She certainly writes a good diary. Being at the top of your game must be the hardest place to sit, so much pressure and so many people wanting you to mess up. If she comes out with an olympic medal it will have been well deserved.
All I can say is China is amazing! I have been here since
the 10th and let me tell you ALOT has happened within such
a short period of time. This body of mine has decided to
tell me that it hates me and it is going to do everything
to make me be miserable. So the second day I get here I get
sick from the food. That put me out for four days. Since I
got so broken down from the stomach bug I decided to catch
a cold. Started off with swollen tonsils and now its turned
into a sinus infection. THEN, I wake up this morning and
have a terrible pain in my back! So the physio has been
working on me today. What else can happen???
On a positive note: IM SAILING MUCH BETTER! We are three
days into our regatta. You should check out the results at: http://www.2006qdregatta.com/
I am not thinking about the results yet. I am just taking
one race at a time. I dont want to jinx my sailing, but I
have to say that I am very pleased with how its going so
far. It feels uphill compared to how I have sailed before.
There is still many races left so I am going to try to stay
consistent and sail with a positive mind set.
Let me summarize a little about China. The people and town
is incredible. Everyone is so friendly and helpful. I have
felt very welcomed here. The taxi rides here are outrageous
though. We just sit in the back and literally hang on. You
can say that traffic lights, road rules and the lines on
the roads do not exist! Everyone just laughs their fears
away when we are in the car.
I will write more throughout the regatta to say how its
Qingdao sounds like a horrible place to sail though. Current stronger than wind, water full of rubbish, a thick fog. What sort of place to hold an olympic regatta?
Well done to Paige though, it appears that the UK sailors really love these conditons though as they were the strongest team over all classes.
The medal race:
Assured of the gold medal going into today’s Medal Race final, Paige RAILEY (USA) was still keen to get off the line and show her form. But, she was just a bit too keen and it wasn’t until RAILEY was some way up the opening windward leg that she realised her error of being on course side (OCS) at the gun and returned to re-cross the line.Even by RAILEY’s demanding standards, she found herself in a position from which it was impossible to recover and went onto finish the race in last position and with it added 20 points to her scoreline.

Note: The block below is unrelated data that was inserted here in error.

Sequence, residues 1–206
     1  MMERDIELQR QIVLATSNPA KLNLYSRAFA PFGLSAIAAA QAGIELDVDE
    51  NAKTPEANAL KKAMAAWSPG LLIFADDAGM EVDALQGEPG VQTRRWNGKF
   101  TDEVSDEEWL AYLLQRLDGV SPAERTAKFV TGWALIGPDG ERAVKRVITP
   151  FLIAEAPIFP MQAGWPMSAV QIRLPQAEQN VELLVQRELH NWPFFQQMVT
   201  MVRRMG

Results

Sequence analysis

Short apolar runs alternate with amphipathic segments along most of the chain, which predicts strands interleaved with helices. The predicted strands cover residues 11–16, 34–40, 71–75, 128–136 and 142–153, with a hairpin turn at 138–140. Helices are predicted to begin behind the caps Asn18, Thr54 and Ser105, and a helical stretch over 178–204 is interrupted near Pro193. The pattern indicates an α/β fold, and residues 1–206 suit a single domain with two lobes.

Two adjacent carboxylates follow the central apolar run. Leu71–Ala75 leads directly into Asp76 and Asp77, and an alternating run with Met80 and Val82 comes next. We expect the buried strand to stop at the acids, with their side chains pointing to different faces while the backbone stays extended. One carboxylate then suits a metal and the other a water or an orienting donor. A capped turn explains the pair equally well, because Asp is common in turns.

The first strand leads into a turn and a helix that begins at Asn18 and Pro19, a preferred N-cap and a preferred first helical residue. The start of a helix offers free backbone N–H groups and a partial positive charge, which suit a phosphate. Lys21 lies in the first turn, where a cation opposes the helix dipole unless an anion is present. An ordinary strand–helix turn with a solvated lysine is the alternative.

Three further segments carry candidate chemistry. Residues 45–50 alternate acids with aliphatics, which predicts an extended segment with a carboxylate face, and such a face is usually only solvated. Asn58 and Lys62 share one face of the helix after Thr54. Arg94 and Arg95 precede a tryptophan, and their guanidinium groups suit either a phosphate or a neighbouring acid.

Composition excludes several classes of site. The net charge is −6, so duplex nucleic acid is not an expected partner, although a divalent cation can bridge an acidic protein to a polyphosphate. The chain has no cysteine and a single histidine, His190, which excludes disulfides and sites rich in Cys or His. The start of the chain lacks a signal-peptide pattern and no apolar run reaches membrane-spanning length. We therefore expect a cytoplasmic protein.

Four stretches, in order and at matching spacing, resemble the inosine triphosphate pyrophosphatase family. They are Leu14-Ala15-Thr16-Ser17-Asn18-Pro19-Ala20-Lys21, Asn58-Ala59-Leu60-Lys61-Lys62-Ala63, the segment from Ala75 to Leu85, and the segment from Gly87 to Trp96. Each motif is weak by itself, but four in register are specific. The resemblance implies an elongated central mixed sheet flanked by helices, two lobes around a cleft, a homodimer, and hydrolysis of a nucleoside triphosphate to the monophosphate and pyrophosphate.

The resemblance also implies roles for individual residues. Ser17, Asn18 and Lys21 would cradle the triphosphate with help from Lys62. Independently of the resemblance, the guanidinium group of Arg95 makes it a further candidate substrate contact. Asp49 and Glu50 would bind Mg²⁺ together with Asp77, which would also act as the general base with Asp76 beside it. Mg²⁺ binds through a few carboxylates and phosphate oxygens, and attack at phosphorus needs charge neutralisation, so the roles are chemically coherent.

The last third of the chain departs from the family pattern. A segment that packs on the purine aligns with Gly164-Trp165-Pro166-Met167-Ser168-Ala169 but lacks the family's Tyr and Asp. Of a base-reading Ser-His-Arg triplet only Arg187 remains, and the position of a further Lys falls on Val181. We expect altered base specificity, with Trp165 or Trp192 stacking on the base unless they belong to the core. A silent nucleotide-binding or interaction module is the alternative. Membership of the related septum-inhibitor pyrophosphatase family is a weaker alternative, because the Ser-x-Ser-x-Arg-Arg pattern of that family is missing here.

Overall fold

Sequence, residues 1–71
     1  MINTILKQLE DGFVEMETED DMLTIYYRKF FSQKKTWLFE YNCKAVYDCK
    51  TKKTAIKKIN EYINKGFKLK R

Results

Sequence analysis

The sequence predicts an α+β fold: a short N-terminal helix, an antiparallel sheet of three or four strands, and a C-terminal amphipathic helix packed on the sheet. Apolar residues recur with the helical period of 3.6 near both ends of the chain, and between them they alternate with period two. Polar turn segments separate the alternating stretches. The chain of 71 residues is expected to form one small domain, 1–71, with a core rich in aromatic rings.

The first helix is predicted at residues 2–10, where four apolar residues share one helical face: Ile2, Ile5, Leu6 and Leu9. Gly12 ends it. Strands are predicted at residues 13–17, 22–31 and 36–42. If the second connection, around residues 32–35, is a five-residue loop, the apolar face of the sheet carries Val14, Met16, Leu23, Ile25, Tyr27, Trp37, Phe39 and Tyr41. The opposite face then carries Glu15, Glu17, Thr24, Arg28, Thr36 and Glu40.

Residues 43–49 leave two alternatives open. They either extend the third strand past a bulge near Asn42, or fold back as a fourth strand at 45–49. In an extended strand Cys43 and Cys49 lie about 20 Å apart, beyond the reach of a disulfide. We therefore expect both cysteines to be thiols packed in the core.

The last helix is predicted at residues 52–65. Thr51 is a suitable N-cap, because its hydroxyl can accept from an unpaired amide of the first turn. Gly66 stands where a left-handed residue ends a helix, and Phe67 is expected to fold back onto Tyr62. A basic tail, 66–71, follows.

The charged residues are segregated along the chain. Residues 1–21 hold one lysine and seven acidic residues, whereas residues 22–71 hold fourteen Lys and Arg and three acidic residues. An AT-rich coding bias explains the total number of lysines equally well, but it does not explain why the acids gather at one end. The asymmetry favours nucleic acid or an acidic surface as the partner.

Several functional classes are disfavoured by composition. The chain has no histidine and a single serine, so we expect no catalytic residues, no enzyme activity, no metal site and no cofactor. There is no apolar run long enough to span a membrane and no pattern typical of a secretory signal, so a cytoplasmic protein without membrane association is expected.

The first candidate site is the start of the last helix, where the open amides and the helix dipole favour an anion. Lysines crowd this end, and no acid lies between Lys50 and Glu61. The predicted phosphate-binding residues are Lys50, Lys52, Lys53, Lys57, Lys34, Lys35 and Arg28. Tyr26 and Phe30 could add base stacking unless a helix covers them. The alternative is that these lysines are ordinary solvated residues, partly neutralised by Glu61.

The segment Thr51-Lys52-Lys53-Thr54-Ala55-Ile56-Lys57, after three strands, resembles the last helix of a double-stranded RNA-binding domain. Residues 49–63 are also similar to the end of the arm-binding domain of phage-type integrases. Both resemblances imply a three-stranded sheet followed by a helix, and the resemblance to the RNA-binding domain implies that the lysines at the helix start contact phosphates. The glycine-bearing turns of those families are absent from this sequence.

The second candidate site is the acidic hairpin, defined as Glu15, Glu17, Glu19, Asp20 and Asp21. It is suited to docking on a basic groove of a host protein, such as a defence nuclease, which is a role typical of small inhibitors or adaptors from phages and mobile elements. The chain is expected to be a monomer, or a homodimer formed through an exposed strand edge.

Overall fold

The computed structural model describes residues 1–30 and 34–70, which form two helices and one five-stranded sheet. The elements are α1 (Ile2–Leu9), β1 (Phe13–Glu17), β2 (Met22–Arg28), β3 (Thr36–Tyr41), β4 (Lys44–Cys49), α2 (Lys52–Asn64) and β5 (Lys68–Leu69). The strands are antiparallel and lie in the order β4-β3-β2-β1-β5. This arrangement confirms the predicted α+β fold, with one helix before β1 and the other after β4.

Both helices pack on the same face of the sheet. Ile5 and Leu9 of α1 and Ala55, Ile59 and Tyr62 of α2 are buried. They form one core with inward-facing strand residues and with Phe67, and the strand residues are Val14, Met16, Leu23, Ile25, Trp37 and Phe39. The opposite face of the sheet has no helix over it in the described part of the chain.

Behind RAILEY, the battle was for the silver and bronze medals with Jo ALEH (NZL) and Penny CLARKE (GBR) head to head. Assured of the bronze medal, CLARKE’s goal was to outsail ALEH for the silver, but ALEH had a different plan. ALEH knew she just had to finish within one boat of CLARKE to keep the silver and she delivered her goal faultlessly tailing CLARKE throughout the race, to finish in seventh with CLARKE in sixth.
For both ALEH and CLARKE, their performance at the Qingdao International Regatta must rank as career bests. CLARKE who only started campaigning full time this year, has rapidly demonstrated her talent, most recently claiming the bronze medal at the Europeans in Italy.
Victory in today’s Medal Race went to Anna TUNNICLIFFE (USA). TUNNICLIFFE put in some excellent results and claimed the most bullets in the series, but these were interspersed with double-digit results which held her back from the podium places.
Two of China’s three entries in the Laser Radial fleet qualified to the Medal Race, and today they placed second and third, giving Xiaoying SHEN seventh overall and the recent winner of the Laser Radial Worlds, Lijia XU ninth overall.
FINALLY things came together. I just won the regatta and
let me tell you how amazing it felt. Throughout the regatta
I started to turn back into the old Paige. I was improving
throughout and by the end I felt like I was N'sync with
everything that was happening around me. One of the big
factors that helped me achieve the win was staying
conservative and consistent. I have been working very hard
lately on trying to change my sailing and you could see my